It appears that you are not receiving any flows; have you checked when you restarted opFlow? it can take a few minutes to start receiving and processing net flow records.
Besides that there are a few potential causes for problems to examine.
If so, change net flow configurations in the network devices to send to new IP address.
In opFlow 3 you'll be warned of daemon problems on the main dashboard page, similar to the screenshot below:
opFlow 2 uses the tool "flowd" to receive (and temporarily store) flow data:
ps -ef | grep flowd
You should see a few entries besides the grep one, the relevant one here being the two "
[root@thor opmantek]# ps -ef | grep flowd root 13356 1 0 Jun18 ? 00:00:10 flowd: monitor _flowd 13357 13356 0 Jun18 ? 00:00:30 flowd: net root 27114 1 0 12:40 ? 00:00:00 NMIS opflowd debug=0 root 32567 27106 0 12:51 pts/5 00:00:00 grep flowd
To start a missing/dead flowd, simply run
sudo service flowd start.
In opFlow 3, we've switched to a more modern flow collector, "nfcapd" from the "nfdump" package; opFlow 3 also ships with a more convenient init script for this daemon:
sudo service nfdump status
should report that nfcapd is running with a particular pid; you can verify that by following up with
ps -ef|fgrep nfcapd.
If no nfcapd is alive, run
sudo service nfdump start.
opFlow requires that its
opflowd is running to periodically retrieve and process new flow data from the respective flow collector tool.
sudo service/opflowd status should report a live opFlowd
Start it with the command below
sudo service opflowd start
Without a working MongoDB opFlow can't operate; in all likelihood you will use a local MongoDB server, on the same machine as opFlow.
In this case,
sudo service mongod status and/or
ps -ef | fgrep mongod should suffice to verify a living mongod server.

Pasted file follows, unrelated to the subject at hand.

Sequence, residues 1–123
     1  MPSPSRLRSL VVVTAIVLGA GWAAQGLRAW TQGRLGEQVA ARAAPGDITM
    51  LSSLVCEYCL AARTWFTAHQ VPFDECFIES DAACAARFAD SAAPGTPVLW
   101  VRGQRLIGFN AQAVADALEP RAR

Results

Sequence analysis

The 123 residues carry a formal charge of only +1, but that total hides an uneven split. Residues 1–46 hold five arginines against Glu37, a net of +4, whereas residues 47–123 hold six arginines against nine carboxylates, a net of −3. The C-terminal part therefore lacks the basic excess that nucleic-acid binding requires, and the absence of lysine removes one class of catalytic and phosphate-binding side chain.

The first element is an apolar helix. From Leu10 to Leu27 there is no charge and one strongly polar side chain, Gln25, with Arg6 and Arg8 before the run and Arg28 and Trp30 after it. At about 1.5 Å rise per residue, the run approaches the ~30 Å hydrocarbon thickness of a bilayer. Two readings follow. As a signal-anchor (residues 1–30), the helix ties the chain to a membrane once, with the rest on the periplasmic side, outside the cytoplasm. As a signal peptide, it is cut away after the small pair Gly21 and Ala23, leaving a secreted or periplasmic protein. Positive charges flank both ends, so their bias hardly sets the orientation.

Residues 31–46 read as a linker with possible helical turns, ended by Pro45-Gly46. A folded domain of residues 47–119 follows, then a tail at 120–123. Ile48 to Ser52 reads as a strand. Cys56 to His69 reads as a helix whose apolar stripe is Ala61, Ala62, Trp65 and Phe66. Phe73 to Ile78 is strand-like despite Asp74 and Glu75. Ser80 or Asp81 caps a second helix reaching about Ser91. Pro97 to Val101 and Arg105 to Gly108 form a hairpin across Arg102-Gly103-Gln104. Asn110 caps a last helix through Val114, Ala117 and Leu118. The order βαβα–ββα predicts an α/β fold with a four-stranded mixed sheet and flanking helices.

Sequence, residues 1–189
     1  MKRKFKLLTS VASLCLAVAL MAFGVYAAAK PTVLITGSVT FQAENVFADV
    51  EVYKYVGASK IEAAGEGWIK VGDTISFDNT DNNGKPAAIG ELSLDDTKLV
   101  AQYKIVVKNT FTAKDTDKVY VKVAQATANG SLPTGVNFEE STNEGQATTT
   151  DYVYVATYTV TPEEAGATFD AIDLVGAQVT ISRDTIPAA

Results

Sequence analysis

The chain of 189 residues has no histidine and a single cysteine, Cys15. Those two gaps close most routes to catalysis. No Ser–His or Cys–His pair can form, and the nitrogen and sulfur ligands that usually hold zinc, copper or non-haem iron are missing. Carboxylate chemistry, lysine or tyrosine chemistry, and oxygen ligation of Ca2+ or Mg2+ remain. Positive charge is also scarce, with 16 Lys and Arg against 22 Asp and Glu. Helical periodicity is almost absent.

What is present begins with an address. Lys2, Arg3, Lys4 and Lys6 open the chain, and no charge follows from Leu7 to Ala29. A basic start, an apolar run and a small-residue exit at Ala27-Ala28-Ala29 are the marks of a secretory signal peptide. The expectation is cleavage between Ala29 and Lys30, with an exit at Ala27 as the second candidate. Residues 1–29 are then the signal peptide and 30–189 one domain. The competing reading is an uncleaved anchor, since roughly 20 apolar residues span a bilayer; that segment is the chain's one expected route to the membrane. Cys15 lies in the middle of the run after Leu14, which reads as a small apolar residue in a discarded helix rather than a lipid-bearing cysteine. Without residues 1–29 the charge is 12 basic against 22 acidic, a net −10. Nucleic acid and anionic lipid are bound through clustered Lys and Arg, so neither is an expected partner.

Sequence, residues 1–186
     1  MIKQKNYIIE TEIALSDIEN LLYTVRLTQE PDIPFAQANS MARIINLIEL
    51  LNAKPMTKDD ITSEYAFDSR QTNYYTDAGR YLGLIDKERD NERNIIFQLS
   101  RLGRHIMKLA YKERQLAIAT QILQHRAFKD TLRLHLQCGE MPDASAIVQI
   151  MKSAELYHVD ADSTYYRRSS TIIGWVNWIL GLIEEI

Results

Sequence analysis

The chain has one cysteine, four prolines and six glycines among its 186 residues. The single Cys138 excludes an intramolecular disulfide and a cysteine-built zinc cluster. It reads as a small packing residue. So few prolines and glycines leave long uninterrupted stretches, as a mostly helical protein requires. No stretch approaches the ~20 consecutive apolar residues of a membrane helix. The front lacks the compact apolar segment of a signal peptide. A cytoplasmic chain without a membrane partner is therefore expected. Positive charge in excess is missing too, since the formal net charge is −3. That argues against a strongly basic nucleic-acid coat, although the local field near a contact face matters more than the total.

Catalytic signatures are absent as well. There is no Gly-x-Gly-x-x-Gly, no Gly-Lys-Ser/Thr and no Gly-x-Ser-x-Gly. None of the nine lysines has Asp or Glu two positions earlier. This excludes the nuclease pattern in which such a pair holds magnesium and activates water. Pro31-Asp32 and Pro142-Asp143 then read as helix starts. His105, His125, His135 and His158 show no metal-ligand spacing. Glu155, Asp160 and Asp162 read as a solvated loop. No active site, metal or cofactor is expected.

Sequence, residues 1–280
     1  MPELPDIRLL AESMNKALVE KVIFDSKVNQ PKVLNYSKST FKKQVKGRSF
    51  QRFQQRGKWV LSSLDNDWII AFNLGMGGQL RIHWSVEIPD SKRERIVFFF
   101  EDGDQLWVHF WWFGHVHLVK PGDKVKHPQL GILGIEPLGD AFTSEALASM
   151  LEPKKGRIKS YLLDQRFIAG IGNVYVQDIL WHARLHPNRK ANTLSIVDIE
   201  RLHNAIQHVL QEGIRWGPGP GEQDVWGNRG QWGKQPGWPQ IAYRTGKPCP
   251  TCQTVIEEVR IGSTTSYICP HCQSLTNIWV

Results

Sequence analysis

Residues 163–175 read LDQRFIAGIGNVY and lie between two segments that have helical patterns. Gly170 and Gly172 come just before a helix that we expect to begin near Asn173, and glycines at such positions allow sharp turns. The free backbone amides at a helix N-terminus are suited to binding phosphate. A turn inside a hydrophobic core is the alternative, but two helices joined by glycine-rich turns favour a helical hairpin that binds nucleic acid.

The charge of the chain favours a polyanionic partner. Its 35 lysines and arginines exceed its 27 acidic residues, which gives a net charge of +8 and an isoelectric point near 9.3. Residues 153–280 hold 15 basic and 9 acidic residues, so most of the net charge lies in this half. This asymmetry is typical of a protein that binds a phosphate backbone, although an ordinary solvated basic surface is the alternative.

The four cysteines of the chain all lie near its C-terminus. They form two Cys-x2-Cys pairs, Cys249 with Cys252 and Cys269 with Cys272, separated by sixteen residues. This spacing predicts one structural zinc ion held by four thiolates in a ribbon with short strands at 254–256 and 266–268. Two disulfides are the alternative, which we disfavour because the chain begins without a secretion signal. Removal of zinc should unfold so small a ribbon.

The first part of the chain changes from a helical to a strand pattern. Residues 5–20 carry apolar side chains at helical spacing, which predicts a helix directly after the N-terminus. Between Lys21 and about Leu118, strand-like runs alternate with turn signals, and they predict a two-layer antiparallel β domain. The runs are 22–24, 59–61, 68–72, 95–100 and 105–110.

(If you are not using the default setup but rather a remote mongod instance, you'll have to use the
mongo shell to verify it's reachable and working.)
Like above, starting a missing
mongod instance is easy:
sudo service mongod start is the command you should use. Please note that mongod may refuse to start for a number of reasons (e.g. misconfiguration, lack of disk space, etc.); if the service start indicates failure you'll have to investigate using the MongoDB logs (which are usually in
opFlowd needs to know where to look for new flow data, and clearly the flow collector tool needs to know where to save data for consumers to find it.
Check that all the folders are the same. Run these commands and make sure that everything is pointing to the right spot.
grep logfile /usr/local/etc/flowd.conf grep opflow_dir /usr/local/opmantek/conf/opFlow.nmis
It is especially important that the logfile which flowd uses is picked up by opFlow which is the "flowd_data" configuration and this is combined with "<opflow_dir>" to get the path.
grep logfile /usr/local/etc/flowd.conf logfile "/data/opflow/flowd" grep opflow_dir /usr/local/opmantek/conf/opFlow.nmis '<opflow_dir>' => '/data/opflow', 'flowd_data' => '<opflow_dir>/flowd',
The default configuration for nfcapd uses
/var/lib/nfdump for flow data storage, and opFlowd needs to use the same directory.
grep opflow_dir /usr/local/omk/conf/opCommon.nmis '<opflow_dir>' => '/var/lib/nfdump', cat /etc/default/nfdump /etc/sysconfig/nfdump #...at most one of these files exists; if not the default in /etc/init.d/nfdump will be used # in all cases the relevant line looks like this: DATA_BASE_DIR="/var/lib/nfdump"
Make sure where ever you are putting the flow data and the Mongo DB, you have quite alot of disk space; Flow data is very voluminous.
In opFlow 3, the database collections are normally "capped" in size and do not grow.
df -h /data Filesystem Size Used Avail Use% Mounted on /dev/mapper/vg_data-lv_data 247G 86G 148G 37% /data
Review the log files in /usr/local/omk/log.
Purge the raw flow binary flow data and the older database data, this assume you want to keep 7 days of flow binary data and it is located in /var/opflow.
/usr/local/opmantek/bin/opflow_purge_raw_files.sh /var/opflow 7 /usr/local/opmantek/bin/opflowd.pl type=purge
You have verified that flowd/nfcapd and opflowd are running, but still you have no data on your dashboard. There are several things to check:
Find the logfile by checking the flowd.conf file (normally in /usr/local/etc/flowd.conf)